Finding the Right General Contractor in Asheville and Surrounding Area
Congratulations! You’ve decided to build your dream home here in the gorgeous Blue Ridge Mountains. Whether it’s a stately ridgetop custom home or a modest cabin tucked into the woods, what matters most is that it is your home. And that means you must pick the right general contractor.
Read on for a primer in selecting the right general contractor in Asheville and the surrounding areas.
Get General Contractor Referrals
From the moment you sign the contract to when you receive your certificate of occupancy, your general contractor will be a daily fixture in your life. The process of building a home can be stressful and worrisome. It can be filled with emotional highs and lows.
Ask your architect; ask your friends and co-workers if they know anyone who recently built a custom home. Your goal is to find general contractors who are actively building or have recently built in the area you are considering. From our perspective, this is especially important if your lot is sloping or steep.
Another good place to find great general contractor referrals is at local lumber yards and the sales reps at kitchen, bath and appliances stores. Stick with the local outfits because chances are, they have relationships with home builders and general contractors who are building in the local communities.
Interviewing General Contractors
Once you’ve identified three or four general contractors, now you want to interview them. Here’s what you want to learn:
- About their building experience
- About their estimating process
- About their experience building in the area
- About their timeline
A good contractor is going to put you at ease in a sincere and authentic way. And before you leave the interview with your potential general contractor with several references.
We can’t emphasize it enough: check the references of any general contractor you think might be a good fit based on the interview. Ask the references about their experience working with their home builders. Ask them questions like:
- How is the building process play out for you?
- How the general contractor handle setbacks and delays?
- How close was the estimate to the final cost of building your home?
- How easy was it to work with the home builder?
- Were they available when you had questions?
- Are they transparent with their estimation and budgeting process?
- Would you use them again?
- Did they treat you with respect, especially regarding your vision, your questions, and your budget?
- What are they like to work with if something needed addressing after construction was completed and the owner moved in?
This list of questions is far from exhaustive, so use it as a launching point when you check references. Keep in mind, the scope of a project can change; weather delays happen. What’s important is how the general contractor handles it. Knowing how a general contractor handles the challenges will give you insight into what it will be like to work with them.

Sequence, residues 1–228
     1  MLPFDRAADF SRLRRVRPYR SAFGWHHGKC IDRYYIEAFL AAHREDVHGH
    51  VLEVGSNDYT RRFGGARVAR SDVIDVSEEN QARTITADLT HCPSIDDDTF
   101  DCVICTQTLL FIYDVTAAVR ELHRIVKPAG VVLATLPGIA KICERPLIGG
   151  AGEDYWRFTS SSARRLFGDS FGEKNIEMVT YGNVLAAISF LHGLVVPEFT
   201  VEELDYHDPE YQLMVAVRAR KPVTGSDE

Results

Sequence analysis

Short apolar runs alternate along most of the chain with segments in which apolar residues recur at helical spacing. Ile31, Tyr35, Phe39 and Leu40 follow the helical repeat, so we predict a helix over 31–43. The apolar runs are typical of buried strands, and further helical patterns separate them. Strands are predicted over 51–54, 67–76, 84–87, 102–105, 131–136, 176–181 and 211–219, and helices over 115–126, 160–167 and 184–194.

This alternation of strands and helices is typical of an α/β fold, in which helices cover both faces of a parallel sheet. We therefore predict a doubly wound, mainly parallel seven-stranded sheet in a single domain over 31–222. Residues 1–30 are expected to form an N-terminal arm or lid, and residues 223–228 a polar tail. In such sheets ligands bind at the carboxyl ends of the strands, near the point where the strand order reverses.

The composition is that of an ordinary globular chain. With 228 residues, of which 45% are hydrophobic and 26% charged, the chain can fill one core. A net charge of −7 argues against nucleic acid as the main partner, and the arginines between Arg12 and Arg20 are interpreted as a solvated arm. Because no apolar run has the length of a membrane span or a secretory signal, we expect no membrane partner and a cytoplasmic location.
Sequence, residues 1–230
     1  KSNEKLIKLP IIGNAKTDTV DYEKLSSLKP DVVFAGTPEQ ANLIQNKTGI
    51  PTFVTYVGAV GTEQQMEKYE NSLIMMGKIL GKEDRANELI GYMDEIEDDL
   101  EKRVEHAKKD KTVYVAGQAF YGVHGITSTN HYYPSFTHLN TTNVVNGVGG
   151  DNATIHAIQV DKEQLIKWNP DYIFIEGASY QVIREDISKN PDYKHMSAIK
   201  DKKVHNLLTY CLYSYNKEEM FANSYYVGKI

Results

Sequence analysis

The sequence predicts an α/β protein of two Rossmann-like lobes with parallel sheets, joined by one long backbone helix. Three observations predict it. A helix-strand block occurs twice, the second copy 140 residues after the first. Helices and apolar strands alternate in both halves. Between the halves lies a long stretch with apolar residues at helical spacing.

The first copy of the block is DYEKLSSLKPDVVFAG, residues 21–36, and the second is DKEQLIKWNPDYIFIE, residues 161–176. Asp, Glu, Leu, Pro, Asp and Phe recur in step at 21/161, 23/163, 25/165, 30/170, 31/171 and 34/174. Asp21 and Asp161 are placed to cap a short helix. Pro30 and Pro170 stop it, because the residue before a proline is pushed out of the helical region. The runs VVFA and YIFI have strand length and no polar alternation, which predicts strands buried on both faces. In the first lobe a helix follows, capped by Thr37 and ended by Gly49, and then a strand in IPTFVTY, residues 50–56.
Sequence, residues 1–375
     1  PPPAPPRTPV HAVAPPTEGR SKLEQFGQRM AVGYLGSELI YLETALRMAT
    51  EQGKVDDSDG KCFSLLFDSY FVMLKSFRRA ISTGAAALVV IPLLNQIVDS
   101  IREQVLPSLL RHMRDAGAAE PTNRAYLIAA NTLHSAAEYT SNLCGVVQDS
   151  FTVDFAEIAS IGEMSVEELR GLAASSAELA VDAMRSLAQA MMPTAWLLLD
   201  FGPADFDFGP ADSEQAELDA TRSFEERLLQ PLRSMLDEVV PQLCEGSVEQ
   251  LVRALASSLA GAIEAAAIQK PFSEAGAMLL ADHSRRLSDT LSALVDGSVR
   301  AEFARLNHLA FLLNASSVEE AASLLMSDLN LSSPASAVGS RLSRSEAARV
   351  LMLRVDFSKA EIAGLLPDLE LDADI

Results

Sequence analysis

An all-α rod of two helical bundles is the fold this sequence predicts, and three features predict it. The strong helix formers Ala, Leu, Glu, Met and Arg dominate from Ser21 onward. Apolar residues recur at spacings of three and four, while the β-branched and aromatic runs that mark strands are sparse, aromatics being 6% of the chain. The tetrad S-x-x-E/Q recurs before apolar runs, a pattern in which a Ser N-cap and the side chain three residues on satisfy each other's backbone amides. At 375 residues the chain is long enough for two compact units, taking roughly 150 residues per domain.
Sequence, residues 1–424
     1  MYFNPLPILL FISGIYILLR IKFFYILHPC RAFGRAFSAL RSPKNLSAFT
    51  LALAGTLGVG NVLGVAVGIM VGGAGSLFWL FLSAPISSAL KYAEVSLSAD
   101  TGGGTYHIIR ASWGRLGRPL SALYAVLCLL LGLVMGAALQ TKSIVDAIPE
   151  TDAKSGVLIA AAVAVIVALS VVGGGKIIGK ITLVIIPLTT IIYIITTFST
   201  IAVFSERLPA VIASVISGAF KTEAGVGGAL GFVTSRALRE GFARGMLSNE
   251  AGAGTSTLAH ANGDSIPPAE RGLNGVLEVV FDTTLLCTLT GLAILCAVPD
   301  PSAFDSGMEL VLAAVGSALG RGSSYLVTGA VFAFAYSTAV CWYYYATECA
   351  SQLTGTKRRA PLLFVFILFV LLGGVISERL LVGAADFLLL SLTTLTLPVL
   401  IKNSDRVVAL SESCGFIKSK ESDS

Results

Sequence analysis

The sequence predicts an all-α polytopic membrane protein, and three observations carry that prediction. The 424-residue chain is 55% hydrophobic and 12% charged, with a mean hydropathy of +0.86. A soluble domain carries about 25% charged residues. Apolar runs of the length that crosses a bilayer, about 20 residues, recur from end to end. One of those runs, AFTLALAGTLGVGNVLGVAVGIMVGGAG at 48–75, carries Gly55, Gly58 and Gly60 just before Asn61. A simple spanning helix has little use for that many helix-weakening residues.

Getting an Estimate
For most people, building a home is the biggest expense and biggest investment they’ll ever make. And, from our perspective, you’ll never get a competitive bit just from a set of house plans.
A good general contractor is going to ask you a lot of questions during the estimating process. They’ll want to know your budget, so they understand the parameters for the building project. They’ll also want about the details, such as finishing details like carpet, hardwoods and tile, mechanical systems, kitchen appliances, paint, windows, and so much more in order to estimate allowances. An allowance is a range in which you can expect something to cost. The more detailed you can get with the builder (and a good general contract will help you do this), the more accurate your estimate will be.
Once the estimating process is complete, ask yourself how that felt. Look for an estimate that gives you confidence, both in communicating with the builder and the transparency of cost.
Lastly, check the details. Is the builder a member of the local home builder association? Do they have their own crews or use local subcontractors? Do they use local resources for materials they use in the construction process? And, does the builder stand behind their work with a new home warranty?
A Final Note
Things will go well, and things won’t go well during construction because it is impossible to foresee every situation that might occur during the process. Choosing your general contractor carefully means you can minimize your risks as well as improving the likelihood that your dream home will be a dream come true.